(Micaela Baranello’s article appeared in The New York Times, 7/16; via Pam GReen.)
At the beginning of “Don Giovanni,” a masked man breaks into a woman’s room in the middle of the night. Later in the opera, the woman — Donna Anna — describes the encounter to her fiancé as an attempted rape. Do we believe her? While we can sift through Mozart’s harmonies for proof, we always return to Anna’s words: The man “wanted to embrace me. As I tried to free myself, he held me even tighter.”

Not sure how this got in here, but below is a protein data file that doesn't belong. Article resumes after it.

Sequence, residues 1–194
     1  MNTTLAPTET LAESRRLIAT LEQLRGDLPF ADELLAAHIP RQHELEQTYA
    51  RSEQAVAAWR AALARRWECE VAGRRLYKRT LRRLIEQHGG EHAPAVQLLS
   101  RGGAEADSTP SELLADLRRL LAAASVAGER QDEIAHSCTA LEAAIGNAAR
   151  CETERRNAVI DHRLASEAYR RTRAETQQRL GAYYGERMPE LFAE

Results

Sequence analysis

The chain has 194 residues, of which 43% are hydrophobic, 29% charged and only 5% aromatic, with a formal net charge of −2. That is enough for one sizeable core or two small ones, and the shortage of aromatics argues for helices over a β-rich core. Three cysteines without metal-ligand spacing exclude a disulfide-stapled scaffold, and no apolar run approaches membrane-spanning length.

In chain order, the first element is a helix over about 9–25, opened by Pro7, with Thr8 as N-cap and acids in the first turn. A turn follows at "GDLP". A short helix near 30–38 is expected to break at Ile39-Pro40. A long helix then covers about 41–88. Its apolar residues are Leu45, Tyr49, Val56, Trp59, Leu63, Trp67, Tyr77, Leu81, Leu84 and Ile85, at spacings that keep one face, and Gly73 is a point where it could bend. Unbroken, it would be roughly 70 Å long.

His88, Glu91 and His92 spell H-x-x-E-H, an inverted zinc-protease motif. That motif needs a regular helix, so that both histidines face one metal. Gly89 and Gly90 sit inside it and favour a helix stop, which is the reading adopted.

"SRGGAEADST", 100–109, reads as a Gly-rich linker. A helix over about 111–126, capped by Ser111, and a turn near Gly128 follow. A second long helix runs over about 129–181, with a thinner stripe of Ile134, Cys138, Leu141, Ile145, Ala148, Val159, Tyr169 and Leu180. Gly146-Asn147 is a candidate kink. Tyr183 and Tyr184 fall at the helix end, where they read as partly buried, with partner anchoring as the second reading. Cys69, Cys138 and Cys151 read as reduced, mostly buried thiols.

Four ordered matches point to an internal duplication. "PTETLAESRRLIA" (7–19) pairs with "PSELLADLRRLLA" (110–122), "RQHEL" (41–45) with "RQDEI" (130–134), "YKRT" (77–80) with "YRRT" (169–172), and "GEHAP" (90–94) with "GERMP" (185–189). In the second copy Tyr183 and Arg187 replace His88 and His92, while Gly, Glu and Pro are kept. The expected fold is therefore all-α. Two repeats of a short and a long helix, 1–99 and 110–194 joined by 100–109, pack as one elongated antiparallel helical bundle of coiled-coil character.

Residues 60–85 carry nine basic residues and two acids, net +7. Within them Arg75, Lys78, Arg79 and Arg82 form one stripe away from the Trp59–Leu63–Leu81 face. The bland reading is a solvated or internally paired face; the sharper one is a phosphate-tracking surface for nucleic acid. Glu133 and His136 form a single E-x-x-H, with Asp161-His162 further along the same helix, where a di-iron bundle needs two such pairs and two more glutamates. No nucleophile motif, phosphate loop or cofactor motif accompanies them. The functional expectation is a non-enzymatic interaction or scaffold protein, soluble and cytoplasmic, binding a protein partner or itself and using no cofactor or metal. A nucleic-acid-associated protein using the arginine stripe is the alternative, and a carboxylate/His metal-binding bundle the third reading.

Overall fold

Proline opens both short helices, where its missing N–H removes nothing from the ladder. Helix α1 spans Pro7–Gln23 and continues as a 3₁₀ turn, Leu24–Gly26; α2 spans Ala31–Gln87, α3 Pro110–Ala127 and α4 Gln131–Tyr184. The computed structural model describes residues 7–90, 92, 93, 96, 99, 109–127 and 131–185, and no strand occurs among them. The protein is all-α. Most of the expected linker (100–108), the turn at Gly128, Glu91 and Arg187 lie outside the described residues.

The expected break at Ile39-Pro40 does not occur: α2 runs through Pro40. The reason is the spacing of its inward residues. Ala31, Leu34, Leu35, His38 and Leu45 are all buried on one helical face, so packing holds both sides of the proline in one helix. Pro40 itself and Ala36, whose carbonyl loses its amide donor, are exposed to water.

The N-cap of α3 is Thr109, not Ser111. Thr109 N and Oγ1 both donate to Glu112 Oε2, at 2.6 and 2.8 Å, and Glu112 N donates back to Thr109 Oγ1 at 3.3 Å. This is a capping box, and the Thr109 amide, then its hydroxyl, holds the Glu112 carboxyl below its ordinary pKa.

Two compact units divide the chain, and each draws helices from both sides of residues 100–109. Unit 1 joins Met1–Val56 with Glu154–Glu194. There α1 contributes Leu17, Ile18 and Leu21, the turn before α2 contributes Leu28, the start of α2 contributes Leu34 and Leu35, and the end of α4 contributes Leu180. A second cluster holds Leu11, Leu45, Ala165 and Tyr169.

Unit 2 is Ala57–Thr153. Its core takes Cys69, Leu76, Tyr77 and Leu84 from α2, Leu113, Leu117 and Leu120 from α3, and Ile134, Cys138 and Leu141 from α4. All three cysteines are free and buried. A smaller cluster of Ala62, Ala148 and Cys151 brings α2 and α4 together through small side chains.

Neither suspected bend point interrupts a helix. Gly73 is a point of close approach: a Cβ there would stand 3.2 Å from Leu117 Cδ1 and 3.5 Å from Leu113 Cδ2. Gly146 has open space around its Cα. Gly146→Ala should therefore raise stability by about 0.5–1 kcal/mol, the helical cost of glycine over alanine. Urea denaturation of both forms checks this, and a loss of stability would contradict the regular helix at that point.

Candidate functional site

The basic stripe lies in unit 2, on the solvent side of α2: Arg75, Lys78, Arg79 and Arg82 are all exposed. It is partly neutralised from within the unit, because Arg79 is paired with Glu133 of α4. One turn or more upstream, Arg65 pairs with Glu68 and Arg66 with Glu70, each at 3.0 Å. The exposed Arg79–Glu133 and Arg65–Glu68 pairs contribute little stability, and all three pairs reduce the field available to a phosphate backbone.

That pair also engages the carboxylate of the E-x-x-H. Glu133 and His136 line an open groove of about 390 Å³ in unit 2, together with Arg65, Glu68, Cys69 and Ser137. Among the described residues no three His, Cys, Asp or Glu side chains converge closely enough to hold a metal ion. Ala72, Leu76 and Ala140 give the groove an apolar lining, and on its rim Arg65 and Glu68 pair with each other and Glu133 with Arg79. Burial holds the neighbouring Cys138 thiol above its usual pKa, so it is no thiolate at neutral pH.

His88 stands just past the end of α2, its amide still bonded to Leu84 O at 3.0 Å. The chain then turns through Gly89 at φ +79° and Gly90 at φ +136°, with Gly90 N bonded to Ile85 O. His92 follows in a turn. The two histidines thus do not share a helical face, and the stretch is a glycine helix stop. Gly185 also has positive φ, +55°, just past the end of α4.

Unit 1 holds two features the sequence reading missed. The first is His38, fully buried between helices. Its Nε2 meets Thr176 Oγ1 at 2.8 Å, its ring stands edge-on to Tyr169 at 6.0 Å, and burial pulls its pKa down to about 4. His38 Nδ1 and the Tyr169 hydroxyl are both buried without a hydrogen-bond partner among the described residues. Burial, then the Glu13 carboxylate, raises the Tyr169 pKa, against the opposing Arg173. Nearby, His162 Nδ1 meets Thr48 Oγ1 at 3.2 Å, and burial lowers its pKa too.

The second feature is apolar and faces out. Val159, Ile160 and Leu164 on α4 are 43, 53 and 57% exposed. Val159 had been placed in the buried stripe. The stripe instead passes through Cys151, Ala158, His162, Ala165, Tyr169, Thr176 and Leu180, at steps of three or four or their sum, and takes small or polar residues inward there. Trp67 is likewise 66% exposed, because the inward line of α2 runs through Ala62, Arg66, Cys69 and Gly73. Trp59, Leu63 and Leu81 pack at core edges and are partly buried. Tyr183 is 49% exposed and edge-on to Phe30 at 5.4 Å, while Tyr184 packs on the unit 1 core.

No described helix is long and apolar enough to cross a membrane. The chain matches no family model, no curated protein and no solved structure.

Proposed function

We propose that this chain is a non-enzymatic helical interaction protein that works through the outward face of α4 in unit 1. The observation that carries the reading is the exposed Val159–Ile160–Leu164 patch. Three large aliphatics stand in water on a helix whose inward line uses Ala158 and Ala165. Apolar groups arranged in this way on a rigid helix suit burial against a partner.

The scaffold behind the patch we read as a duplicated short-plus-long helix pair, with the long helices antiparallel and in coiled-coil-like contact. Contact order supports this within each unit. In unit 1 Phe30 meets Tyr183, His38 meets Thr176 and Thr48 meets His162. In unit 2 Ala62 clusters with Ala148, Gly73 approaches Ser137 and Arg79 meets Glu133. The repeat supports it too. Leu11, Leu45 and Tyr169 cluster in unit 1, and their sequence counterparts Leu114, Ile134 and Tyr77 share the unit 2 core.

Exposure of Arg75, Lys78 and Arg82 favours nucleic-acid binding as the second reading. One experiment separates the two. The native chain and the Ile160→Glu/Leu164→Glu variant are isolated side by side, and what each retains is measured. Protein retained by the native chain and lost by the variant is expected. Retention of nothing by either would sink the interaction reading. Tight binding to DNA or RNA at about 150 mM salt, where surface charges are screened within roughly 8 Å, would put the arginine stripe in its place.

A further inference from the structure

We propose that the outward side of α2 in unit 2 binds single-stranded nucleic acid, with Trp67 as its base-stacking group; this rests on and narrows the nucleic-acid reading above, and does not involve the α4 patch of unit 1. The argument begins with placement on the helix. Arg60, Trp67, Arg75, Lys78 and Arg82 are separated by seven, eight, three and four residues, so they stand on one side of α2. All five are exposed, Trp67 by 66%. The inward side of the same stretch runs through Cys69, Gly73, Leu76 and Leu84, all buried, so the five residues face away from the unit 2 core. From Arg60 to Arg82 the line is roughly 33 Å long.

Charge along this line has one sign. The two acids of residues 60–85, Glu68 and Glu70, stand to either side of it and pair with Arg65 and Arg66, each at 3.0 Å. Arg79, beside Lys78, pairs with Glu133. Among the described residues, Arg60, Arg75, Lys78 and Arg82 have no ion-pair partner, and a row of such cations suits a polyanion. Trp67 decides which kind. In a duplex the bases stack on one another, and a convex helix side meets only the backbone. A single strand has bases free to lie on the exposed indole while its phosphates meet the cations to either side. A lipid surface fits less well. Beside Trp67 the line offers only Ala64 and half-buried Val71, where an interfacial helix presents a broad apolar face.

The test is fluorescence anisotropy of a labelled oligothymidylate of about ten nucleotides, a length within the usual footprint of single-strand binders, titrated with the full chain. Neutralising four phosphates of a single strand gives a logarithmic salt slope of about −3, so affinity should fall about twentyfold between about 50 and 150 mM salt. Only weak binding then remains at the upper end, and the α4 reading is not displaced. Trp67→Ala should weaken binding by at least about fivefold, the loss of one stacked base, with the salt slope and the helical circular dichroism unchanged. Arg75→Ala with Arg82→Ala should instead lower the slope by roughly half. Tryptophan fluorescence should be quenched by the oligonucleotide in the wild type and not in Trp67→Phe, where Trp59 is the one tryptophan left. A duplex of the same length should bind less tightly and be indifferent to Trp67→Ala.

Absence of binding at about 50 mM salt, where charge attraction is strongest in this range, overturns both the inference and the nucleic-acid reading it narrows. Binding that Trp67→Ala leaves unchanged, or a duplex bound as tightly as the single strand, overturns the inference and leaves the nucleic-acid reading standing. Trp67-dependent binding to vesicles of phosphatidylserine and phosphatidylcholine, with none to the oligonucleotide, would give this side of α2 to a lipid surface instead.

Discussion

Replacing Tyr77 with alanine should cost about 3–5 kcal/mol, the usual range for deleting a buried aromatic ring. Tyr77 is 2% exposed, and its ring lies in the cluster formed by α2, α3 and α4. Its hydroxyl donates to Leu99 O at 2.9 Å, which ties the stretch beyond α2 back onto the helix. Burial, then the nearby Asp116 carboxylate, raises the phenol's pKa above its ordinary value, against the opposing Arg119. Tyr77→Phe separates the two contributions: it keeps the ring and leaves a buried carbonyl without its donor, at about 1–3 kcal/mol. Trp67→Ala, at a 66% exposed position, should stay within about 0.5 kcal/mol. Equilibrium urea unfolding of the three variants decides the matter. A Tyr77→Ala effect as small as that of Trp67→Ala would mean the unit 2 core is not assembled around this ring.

But many modern productions make her a liar, depicting the character as a willing participant in a late-night tryst. For many women in the audience, directors’ skepticism of Anna’s account is something all too familiar. Within the opera, her fiancé, Don Ottavio, believes her, but today the victim is doubted with telling frequency.
Stage Voices Publishing for archived posts and sign up for free e-mail updates: http 2015:// www.stagevoices.com/ . If you would like to contribute a review, monologue, or other work related to theatre, please write to Bob Shuman at Bobjshuman@gmail.com.